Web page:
Here are 8 dishes from Triangle restaurants to try in 2022
What is the future of restaurant catering?
Nearly two years after the start of the coronavirus pandemic, diners are more used to navigating menus on their phones, flashing vaccine cards and reheating take-out. Now, the choice of where to go out includes a new option: go out or not. We explore how COVID has reshaped the dining room, what it looks and feels like going out for a meal, and how the famous Triangle dining scene is evolving. Plus, we’ll tell you what new restaurants – and meals – are drool-worthy.
Diners will have a full plate in 2022, with dozens of restaurant openings and return visits to old favorites.
Here are some special dishes to discover for the new year:
Bolkogi has been one of the Triangle’s most popular food trucks for years. Upon joining Boxyard RTP, Joe Choi said he was able to add kimchi fries to the menu, which he was unable to do on the trucks. These fried waffle baskets are topped with marinated bulkogi beef, kimchi, cilantro and a fried egg.
“It represents who I am,” Choi said. “I grew up in Chicago eating hot spots and fries. I couldn’t eat kimchi at school because the kids made fun of me, saying it was too smelly. But I would make this dish at home with leftover fries and I would feel good. I have been eating it for a long time.
Cakes are known as slices and slices, but Plum brings pastry chef Emma Shank’s weekly creations for everyone to see in their original splendor, with each piece cut to order.
Most tables order desserts, said Shank, whose husband, Trent, is Plum’s chef. The cake is the best-selling, usurping banana pudding once they hit the menu in late summer.
In September, Shank put his own wedding cake on the menu, salted caramel frosting and gravy with a yellow cake. It’s impossible to predict what the flavor will be from week to week, but expect a seasonally appropriate slice.
Recently that meant eggnog cake with a cocktail, or spicy gingerbread with molasses topped with orange buttercream frosting, a lazy cheese topping. cream, a dusting of crushed gingerbread and whole gingerbread cookies resting gently on puffy rosettes.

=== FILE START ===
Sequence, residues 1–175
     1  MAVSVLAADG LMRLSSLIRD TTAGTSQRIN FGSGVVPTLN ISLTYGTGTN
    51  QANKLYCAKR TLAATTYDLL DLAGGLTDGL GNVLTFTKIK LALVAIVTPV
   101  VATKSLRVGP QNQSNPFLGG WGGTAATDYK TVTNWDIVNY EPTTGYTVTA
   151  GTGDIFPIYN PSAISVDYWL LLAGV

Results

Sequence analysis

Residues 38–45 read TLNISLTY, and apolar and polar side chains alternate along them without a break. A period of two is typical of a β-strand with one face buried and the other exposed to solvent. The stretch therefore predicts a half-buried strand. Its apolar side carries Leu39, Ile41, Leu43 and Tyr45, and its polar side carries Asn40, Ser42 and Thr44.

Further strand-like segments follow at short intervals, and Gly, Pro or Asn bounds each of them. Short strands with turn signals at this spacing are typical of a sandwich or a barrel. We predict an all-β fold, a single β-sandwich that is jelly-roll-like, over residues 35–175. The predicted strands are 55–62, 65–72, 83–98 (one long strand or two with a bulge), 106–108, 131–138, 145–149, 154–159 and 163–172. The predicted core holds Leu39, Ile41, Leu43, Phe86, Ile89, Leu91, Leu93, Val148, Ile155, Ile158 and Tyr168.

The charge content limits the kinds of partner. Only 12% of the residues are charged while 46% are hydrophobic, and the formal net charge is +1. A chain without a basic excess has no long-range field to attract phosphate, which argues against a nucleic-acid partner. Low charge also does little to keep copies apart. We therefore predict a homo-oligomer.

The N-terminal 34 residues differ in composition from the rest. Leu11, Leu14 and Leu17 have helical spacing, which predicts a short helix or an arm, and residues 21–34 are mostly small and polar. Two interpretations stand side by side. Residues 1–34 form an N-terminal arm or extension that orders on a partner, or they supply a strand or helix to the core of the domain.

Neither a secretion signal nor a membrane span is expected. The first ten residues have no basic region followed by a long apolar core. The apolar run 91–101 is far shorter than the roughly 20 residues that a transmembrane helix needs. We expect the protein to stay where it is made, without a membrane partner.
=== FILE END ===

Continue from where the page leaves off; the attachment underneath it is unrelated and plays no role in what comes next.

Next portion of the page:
Fonda Lupita gorditas
There’s no hotter restaurant in North Carolina than this Sanford Mexican restaurant, which online food publication Eater named one of the 11 best places to open in the country last year.
The restaurant is named after owner Biridiana Frausto’s mother, Fonda Lupita, and her specialty is her gordita. These freshly made tortilla pouches are grilled and then stuffed with steak, pork or stew.
Matt Fern has spent years crafting the perfect Reuben sandwich, and it’s hard to say he didn’t pull it off. Diners can choose from pastrami or corned beef, but the (ish) Delicatessen Reuben comes with apple cider-braised red cabbage in place of sauerkraut, bursting with sweetness and flavor. The rye is custom made by Boulted Bread from Raleigh Bakery, especially for this sandwich, with a deep dark color and flavor without the caraway seeds.
Fern said he was still the top seller on a stunner menu. But don’t sleep on the soon to be blockbuster Green Egg and Ham and Cheese Breakfast Sandwich of braised cabbage topped with Tabasco, town ham and scrambled eggs.
Old North Meats Fried Mushroom Sandwich
In this golden age of chicken sandwiches, this meatless dining wonder from Durham could surpass them all. Owner Joel Schroetter smokes and then fries oyster mushrooms, making them as crisp and mouth-watering as any piece of chicken. The sandwich is topped with celery and shredded lettuce, grilled onions, and a homemade green goddess ranch.
This sandwich is a real treat.
Strong Arm Miso Caramel Brownie
Biting that brownie is like drowning in fudge. The Oxford Bakery and sometimes the Pizzeria is often the longest line in Durham’s Farmer’s Market, enticing fans with delicate pastries, seasonal pop pies and changing versions of brownies.
Here, the familiar flavor of salted caramel is enhanced by the miso. And the brownie itself has a dense sweetness that lives in two worlds, tapping into the illicit joy of licking off the rest of the brownie batter and chewing on a crisp wedge. It’s a beautiful thing that just happens to be a brownie.
Gym Taco Nacho Ride
This very popular food truck opened its first lighter and mortar last year and has another on the way. Co-owner Gamaliel Romero sort of pokes fun at the quesabirria taco trend, believing that the fried and soaked taco style is too fatty to eat as much as his heart desires.
But there’s one Instagram trend that Gym Tacos has embraced and perfected: nachos. With the opening of its North Raleigh sports bar, Gym Tacos added something it couldn’t from a food truck, nacho rides.
A good plate of nachos is as much a feat of construction as it is of cooking. The trick at Gym Tacos is to build a tray of nachos in a large metal box, layering crispy crisps, steak, shredduce, jalapenos landmines, and a river of queso. Once the can is removed, it’s a mountain of nacho mastery.
“We wanted to do something to get people’s attention,” Romero said.
Wonderpuff cotton candy, carnival style
When you order your carnival-style cotton candy at the new Wonderpuff in Durham, what you are saying is you want to eat it immediately. Rather than a tub, the carnival-style controls arrive on a paper wand, the silky candy strands wrapped around and around and the air smelling of toasted sugar.
The main flavor is the raspberry mojito, but watch out for the blueberry waffles. It’s a cloud of joy on a stick.